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14

On Windows, the system RTC clock is traditionally kept in local time. In Unix and Linux, it's traditionally kept in UTC, and /etc/localtime is used to indicate the current timezone so that the displayed time is correct. These two worldviews collide in dual-boot configurations, because there's only one RTC. Usually you tell Linux to assume that the RTC is ...


9

date +%s%N will give the nano seconds since epoch To get the micro seconds just do an eval expr `date +%s%N` / 1000


8

There's no much point asking for this kind of precision in a shell script, given that running any command (even the date command) will take at least a few hundreds of those microseconds. In particular, you can't really use the date command to time the execution of a command with this kind of precision. For that, best would be to use the time command or ...


7

System time You can use date to set the system date. The GNU implementation of date (as found on most non-embedded Linux-based systems) accepts many different formats to set the time, here a few examples: set only the year: date -s 'next year' date -s 'last year' set only the month: date -s 'last month' date -s 'next month' set only the day: date -s ...


6

I have found the solution thanks to the tip given by Nils and a nice article. Tuning the ondemand CPU DVFS governor The ondemand governor has a set of parameters to control when it is kicking the dynamic frequency scaling (or DVFS for dynamic voltage and frequency scaling). Those parameters are located under the sysfs tree: ...


6

Use date -s: date -s '2014-12-25 12:34:56' Run that as root or under sudo. Changing only one of the year/month/day is more of a challenge and will involve repeating bits of the current date. There are also GUI date tools built in to the major desktop environments, usually accessed through the clock. To change only part of the time, you can use command ...


5

The guest has no direct access to the host clock. Instead, it uses kvm-clock which points to a memory region updated by the host, from the host's clock. As such, the guest is using the host clock. The issue is that this memory region isn't updated constantly, it's only updated when there's a VM 'event', and as such, guests can drift and then lurch back to ...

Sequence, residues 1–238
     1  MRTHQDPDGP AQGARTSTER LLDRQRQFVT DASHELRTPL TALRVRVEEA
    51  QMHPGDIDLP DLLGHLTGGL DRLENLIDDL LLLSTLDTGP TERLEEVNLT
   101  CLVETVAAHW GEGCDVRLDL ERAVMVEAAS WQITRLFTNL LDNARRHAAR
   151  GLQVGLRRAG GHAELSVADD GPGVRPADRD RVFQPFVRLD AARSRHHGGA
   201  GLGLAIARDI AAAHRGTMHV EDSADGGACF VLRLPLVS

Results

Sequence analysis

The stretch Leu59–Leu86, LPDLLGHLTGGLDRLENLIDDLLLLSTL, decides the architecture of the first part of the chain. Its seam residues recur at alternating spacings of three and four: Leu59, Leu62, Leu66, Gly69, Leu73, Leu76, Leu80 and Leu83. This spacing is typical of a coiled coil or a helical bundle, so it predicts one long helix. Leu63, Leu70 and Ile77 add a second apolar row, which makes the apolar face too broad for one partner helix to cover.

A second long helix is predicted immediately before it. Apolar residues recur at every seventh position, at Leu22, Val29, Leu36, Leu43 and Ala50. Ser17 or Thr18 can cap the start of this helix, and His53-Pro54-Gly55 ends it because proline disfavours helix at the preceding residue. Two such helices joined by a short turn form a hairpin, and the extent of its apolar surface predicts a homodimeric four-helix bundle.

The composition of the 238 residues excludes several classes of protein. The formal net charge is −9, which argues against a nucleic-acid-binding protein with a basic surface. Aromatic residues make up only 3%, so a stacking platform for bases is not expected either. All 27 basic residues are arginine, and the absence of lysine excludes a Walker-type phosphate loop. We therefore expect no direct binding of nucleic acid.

5

You can use : sudo dpkg-reconfigure tzdata for configuring your timezone . For updating time and date from internet use the following : Install If ntpd is not installed use any one of the following command to install ntpd: # yum install ntp Configuration You should at least set following parameter in /etc/ntp.conf config file: server For ...


5

Use ntpdate, ntpd, or Chrony to connect to a NTP server.


5

Are there tools which measure time of day clock drift? The only tools I'm aware of are the NTP tools which should suffice. You don't have to actually configure ntpd to sync against a given clock source you can just use the -d option to ntpdate to fetch the calculated offset. Example: [davisja5@xxxadmvlm08 ~]$ ntpdate -d clock.redhat.com ...


5

The system clock and the hardware clock are not the same. The command hwclock -r should show you the time the hardware clock is set to. If it is incorrect, use the command hwclock -w to update it when the time is correct. If you dual boot with windows, you will want to use local time. Otherwise, you may want to set the harward clock to UTC with the ...


4

I've seen syslog entries like that on a Slackware machine a few years ago. I believe I bought the machine in question in 2002, and pretty much ran it 24/7 for years: it was my SSH, SMTP and HTTP server. The NTP failures came on slowly, and gradually increased in frequency. I fixed it the first time by changing the "CMOS RAM" battery, which was one of ...


4

To expand slightly upon @frostschutz comment, the TZ environment variable is present in large part to allow exactly what you desire: having programs show you time information in your preferred zone. Indeed, Unix system clocks all run on UTC (GMT-like) and things like file timestamps and what your clock program gets back from the system is in UTC. Programs ...


4

It sound slike one of your systems is configured to treat the hardware clock as localtime, while the other one treats it as UTC. Ubuntu docs leave me to believe Ubuntu is UTC by default, so probably your Arch isn't. You can check and set this by checking if timedatectl status | grep local returns anything, and set Arch to use UTC by saying timedatectl ...


4